The large and powerfully influential AARP will have to take a haircut, as sales of insurance is a major funding source for them.
The VA system will have to close. Under a single payer system that provides health care to everyone, there is no need for a VA health care system.
All of the above have constituencies in the millions that will fight tooth and nail against a single payer system. Some of the constituencies are Republican but lots of them are traditionally Democratic as well. So is it hopeless? In the short term yes. In the long term, a single payer system is inevitable because our current system is close to complete collapse.
Even profitable companies like United Health Care will run out of profitable customers as they whittle away at their own customer base. Government employee unions will face increased pressure against compensation and benefit packages that are simply out of reach of normal people – who are expected to pay for them with taxes. There are lots of doctors who refuse to accept any medicare patients, but there are fewer and fewer privately insured patients available for them to treat. Community health centers provide some kind of safety net for the poorest people, but for the working poor or retired people they provide nothing or worse than nothing – their sliding scales mean that treatment is often more expensive at a community clinic than it would be at a private doctor – that is if a private doctor was accessible.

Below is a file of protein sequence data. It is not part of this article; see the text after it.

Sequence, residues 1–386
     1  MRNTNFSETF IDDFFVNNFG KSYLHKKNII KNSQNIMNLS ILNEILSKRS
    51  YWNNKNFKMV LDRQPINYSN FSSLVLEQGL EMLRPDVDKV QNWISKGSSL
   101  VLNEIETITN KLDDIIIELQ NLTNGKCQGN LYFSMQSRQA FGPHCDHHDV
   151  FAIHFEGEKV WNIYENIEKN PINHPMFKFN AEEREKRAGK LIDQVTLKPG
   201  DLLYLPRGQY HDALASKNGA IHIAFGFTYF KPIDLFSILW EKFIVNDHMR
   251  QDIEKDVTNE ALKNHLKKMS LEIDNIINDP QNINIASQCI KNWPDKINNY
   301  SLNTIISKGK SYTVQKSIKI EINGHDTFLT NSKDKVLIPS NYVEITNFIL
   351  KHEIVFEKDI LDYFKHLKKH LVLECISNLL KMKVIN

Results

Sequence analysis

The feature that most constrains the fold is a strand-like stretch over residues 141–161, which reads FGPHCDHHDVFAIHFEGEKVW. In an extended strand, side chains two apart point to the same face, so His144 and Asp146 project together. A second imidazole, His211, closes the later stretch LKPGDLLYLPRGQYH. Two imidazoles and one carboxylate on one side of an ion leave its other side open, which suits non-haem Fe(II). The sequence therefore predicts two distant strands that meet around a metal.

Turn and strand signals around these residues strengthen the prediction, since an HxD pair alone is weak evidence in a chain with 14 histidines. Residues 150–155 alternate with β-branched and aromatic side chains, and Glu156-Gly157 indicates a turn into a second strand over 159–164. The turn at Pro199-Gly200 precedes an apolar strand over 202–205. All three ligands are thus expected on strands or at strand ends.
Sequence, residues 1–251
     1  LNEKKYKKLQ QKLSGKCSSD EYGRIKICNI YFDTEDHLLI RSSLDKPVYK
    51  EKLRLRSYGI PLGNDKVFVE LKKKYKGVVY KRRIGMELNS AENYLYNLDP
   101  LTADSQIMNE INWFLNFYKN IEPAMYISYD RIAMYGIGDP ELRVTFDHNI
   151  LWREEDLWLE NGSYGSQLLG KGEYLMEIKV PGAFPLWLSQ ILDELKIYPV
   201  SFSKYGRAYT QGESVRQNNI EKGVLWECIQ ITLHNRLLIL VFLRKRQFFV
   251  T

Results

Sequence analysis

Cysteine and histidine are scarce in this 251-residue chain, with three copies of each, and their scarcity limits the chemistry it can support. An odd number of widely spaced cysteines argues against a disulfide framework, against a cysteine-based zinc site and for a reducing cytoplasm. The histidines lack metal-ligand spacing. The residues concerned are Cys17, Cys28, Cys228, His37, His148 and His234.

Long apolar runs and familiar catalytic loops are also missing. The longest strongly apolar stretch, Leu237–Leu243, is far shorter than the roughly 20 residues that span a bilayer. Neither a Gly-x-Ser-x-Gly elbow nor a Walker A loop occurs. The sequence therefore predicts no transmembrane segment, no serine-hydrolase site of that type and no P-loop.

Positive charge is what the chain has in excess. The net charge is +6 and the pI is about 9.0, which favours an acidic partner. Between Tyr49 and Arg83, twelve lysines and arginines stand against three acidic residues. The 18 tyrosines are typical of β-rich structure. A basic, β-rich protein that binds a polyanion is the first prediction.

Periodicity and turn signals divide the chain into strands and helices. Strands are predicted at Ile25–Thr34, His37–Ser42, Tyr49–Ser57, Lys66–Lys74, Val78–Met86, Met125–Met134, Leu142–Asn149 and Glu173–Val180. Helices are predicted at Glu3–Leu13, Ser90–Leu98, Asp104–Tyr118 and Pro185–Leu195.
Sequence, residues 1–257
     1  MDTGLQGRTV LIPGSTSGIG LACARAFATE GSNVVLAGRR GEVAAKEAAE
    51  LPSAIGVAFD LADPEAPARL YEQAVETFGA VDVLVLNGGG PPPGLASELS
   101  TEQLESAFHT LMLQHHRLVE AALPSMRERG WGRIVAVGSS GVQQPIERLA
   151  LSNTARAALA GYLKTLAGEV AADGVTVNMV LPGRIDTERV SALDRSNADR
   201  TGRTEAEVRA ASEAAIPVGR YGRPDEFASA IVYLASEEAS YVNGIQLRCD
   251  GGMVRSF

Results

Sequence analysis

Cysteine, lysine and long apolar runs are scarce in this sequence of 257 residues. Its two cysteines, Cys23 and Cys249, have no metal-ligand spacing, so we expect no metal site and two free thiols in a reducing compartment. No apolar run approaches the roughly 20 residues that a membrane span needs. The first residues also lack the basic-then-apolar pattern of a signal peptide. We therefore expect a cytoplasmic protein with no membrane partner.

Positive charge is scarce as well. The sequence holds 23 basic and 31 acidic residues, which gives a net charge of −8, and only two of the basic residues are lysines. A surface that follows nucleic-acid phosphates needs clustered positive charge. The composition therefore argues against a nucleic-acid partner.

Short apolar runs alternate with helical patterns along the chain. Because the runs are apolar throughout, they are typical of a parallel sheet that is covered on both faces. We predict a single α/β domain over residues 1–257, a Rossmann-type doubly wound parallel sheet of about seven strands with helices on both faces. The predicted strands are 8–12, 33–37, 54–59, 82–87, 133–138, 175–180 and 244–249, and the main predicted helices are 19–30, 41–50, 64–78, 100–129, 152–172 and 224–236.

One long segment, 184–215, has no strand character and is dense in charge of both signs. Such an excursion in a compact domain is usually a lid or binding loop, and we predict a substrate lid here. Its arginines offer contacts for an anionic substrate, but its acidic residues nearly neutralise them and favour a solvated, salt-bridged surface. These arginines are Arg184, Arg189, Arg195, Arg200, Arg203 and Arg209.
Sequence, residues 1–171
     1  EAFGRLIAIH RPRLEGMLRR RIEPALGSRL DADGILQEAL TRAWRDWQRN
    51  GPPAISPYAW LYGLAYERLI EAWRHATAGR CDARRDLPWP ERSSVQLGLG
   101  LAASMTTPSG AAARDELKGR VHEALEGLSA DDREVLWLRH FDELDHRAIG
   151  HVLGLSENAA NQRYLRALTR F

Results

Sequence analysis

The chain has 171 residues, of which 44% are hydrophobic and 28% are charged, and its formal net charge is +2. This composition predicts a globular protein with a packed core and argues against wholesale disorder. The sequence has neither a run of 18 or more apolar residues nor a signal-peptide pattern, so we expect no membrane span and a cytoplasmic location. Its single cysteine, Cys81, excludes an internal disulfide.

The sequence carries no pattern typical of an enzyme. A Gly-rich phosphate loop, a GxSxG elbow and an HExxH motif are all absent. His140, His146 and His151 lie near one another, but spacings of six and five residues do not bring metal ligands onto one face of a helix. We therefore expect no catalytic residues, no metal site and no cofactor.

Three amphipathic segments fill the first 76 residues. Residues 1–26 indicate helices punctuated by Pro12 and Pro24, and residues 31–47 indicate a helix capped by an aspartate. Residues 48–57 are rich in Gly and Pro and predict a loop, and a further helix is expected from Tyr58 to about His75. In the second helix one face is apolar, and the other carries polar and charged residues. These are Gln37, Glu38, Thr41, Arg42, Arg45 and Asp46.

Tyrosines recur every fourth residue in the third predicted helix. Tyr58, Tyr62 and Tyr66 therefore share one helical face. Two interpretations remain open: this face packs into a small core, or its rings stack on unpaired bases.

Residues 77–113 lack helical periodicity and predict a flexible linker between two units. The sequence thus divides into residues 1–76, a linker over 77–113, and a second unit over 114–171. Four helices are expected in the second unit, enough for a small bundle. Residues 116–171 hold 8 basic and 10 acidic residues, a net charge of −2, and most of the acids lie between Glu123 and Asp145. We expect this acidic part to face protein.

After the collapse of privatized health care will come a rational single payer system.
have a peaceful day,
There is a place here to vote yes or no. Currently 156 yes, 839 no, only 17 percent yes. I voted no. This is anunconscionable diversion and waste of public money. Every “stakeholder” in the Democratic alliance is rewarded with pork, and lots of it. No help for unemployed or people working for minimum wage, they will come in higher than any “sliding scale” will allow.
Yes I read it, skimmed a bit of it and read the meat. It is 1900 pages but triple spaced, the last 3 or 400 pages are for the Indian Health Services, with special provisions for California , Nevada, Arizona, the Dakotas and Montana. A sop for those powerful legislators. I heartily think we should do more for our First Citizens, our Native People because we stole their land didn’t we? This is not the way. This whole bill is a grant farmer’s dream.
Why does this bill need to be so big? It is big to hide the pork. Everything in this bill could be considered in Congress one by one and each considered on its merits.
I am with Kucinich, we need a single payer system, not this piece of shit.